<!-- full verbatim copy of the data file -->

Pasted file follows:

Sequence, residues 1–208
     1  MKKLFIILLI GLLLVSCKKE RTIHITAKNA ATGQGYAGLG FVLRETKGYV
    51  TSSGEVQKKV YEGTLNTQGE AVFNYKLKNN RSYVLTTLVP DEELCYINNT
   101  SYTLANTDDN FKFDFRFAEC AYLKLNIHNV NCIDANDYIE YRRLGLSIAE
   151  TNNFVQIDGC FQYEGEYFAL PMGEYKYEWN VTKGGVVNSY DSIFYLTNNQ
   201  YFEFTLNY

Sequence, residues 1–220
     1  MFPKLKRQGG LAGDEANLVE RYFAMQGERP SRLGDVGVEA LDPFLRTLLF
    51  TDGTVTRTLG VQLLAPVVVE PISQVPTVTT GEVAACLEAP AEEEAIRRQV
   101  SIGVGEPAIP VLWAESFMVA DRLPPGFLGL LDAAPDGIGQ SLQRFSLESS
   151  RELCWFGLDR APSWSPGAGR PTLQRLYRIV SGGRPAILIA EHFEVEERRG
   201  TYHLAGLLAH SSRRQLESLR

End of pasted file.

Sequence, residues 1–208
     1  MKKLFIILLI GLLLVSCKKE RTIHITAKNA ATGQGYAGLG FVLRETKGYV
    51  TSSGEVQKKV YEGTLNTQGE AVFNYKLKNN RSYVLTTLVP DEELCYINNT
   101  SYTLANTDDN FKFDFRFAEC AYLKLNIHNV NCIDANDYIE YRRLGLSIAE
   151  TNNFVQIDGC FQYEGEYFAL PMGEYKYEWN VTKGGVVNSY DSIFYLTNNQ
   201  YFEFTLNY

Sequence, residues 1–220
     1  MFPKLKRQGG LAGDEANLVE RYFAMQGERP SRLGDVGVEA LDPFLRTLLF
    51  TDGTVTRTLG VQLLAPVVVE PISQVPTVTT GEVAACLEAP AEEEAIRRQV
   101  SIGVGEPAIP VLWAESFMVA DRLPPGFLGL LDAAPDGIGQ SLQRFSLESS
   151  RELCWFGLDR APSWSPGAGR PTLQRLYRIV SGGRPAILIA EHFEVEERRG
   201  TYHLAGLLAH SSRRQLESLR